Risk of drug discharge recognised on continent
Leading research into regulation of drug discharge into Europe's rivers has led to improved sewage treatment and policy change across the continent.
A study by Dr Edwin Routledge showing that steroid oestrogens excreted by women were responsible for the oestrogenic activity of the effluent, and by Prof Susan Jobling, who demonstrated that there was widespread feminisation of wild male fish occurring in UK rivers that received this effluent.
It followed work by Prof John Sumpter from Brunel's Institute for the Environment, who discovered high levels of a female-specific protein in the blood of male fish living downstream of sewage treatment works between 1987 and 1990.
These and further studies have raised the profile of the Institute significantly and increased the national and international understanding of the threat of pharmaceuticals in the water supply.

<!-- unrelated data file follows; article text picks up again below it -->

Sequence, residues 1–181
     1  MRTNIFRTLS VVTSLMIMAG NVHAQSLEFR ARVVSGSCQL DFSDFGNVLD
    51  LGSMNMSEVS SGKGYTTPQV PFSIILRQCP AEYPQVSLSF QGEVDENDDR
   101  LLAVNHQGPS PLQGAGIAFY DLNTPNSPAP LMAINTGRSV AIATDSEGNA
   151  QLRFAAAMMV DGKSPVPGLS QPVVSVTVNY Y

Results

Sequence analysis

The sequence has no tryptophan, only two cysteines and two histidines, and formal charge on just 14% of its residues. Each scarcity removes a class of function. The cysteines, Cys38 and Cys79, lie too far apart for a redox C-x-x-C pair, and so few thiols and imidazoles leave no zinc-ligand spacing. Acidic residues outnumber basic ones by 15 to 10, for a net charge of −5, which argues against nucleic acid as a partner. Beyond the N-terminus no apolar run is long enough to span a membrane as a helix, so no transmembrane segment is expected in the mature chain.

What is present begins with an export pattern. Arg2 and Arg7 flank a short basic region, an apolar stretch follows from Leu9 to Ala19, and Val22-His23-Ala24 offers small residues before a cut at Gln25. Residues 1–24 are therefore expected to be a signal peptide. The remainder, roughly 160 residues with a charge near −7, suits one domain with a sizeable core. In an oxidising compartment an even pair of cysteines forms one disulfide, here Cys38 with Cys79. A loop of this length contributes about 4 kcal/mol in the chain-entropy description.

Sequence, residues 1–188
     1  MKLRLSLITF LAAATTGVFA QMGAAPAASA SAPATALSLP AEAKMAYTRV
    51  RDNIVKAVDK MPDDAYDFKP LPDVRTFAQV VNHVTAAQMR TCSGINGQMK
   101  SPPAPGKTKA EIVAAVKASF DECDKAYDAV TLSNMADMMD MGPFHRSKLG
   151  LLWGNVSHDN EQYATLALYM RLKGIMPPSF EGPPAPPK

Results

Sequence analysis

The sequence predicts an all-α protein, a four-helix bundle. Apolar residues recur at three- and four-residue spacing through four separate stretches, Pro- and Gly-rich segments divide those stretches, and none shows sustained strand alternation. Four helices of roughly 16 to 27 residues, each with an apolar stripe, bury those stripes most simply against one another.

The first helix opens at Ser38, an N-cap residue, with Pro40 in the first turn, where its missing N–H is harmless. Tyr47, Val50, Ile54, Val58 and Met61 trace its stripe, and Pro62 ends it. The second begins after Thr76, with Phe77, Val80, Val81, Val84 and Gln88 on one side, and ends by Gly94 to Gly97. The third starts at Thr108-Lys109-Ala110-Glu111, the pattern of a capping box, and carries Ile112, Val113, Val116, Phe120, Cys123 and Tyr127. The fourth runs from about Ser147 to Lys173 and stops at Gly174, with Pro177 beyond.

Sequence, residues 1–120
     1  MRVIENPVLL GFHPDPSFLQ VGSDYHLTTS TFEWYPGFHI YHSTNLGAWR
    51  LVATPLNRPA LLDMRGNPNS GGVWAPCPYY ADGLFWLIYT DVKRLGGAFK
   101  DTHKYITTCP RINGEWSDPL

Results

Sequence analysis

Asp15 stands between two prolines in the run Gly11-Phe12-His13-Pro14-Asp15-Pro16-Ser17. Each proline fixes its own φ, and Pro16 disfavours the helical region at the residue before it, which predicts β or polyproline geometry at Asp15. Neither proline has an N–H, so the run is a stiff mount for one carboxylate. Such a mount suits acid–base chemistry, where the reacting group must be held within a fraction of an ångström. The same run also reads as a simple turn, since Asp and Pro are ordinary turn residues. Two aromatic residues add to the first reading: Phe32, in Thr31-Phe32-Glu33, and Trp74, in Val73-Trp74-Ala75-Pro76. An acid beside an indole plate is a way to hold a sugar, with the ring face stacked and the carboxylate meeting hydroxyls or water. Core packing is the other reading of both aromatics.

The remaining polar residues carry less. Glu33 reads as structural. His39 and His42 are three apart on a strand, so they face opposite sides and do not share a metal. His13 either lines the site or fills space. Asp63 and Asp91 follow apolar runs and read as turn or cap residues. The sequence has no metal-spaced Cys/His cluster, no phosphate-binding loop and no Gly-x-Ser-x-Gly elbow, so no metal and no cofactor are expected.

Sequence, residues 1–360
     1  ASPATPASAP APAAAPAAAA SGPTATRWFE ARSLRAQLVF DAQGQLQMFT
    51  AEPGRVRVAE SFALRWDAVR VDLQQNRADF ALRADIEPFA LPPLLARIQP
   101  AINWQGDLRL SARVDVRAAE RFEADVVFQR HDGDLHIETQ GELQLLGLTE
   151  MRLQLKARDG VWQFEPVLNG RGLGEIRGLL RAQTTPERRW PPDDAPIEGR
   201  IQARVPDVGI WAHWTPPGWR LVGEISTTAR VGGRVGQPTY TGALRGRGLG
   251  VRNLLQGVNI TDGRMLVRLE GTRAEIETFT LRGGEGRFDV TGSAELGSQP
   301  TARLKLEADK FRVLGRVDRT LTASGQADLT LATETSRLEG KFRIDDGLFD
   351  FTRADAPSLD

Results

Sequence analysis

They have gone on to inform Government policy on the presence of steroid oestrogens in the aquatic environment and the risk to wildlife.
Such was the higher profile afforded to this field of work, the water industry would, between 2006 and 2010, conduct The Endocrine Disruptor Demonstration Programme to understand more about different treatment technologies and the sources of chemicals entering the sewerage system. Brunel academics not only informed this work but were directly responsible for some of the information gathering required.
The Institute's work in this area was recognised in 2011 when it was awarded the Queen's Anniversary Trust Prize in recognition of the team's success in translating research into European policy.